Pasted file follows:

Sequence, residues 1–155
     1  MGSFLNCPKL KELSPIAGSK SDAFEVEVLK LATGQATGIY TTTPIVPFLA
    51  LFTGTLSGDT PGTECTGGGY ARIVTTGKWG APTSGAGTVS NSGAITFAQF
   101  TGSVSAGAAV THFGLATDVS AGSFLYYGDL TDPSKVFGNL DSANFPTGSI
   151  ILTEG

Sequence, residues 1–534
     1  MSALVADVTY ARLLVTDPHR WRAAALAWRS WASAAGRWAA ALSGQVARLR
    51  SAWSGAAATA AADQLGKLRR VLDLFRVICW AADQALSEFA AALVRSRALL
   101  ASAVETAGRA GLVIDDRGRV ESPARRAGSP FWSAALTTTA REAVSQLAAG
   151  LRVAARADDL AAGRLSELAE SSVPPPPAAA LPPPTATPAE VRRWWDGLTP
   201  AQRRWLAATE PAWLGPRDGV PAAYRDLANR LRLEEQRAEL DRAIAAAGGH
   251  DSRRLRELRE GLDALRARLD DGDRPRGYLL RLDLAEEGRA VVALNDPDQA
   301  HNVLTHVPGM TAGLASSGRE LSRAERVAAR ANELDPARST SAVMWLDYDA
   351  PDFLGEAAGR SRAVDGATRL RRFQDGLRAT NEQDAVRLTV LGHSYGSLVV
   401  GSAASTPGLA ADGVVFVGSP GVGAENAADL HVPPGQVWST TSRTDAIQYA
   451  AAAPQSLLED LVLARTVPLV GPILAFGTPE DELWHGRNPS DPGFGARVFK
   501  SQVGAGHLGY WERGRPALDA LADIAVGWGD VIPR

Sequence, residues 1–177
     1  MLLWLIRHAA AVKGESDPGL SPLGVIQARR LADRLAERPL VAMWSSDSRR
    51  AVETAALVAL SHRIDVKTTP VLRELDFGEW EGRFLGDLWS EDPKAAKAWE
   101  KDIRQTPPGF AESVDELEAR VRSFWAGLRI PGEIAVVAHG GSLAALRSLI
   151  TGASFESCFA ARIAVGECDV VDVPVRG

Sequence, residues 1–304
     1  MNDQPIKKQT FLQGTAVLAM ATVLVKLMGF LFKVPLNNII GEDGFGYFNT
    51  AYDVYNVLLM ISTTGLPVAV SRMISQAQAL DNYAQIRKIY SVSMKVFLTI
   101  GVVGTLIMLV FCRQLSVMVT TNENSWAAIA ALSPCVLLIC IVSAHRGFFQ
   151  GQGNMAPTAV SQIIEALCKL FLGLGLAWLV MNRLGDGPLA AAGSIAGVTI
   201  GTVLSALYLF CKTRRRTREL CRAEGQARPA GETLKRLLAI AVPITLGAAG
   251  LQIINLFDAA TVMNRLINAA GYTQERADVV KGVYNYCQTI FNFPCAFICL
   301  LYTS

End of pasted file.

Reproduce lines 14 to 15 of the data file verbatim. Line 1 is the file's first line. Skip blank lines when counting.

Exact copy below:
   351  PDFLGEAAGR SRAVDGATRL RRFQDGLRAT NEQDAVRLTV LGHSYGSLVV
   401  GSAASTPGLA ADGVVFVGSP GVGAENAADL HVPPGQVWST TSRTDAIQYA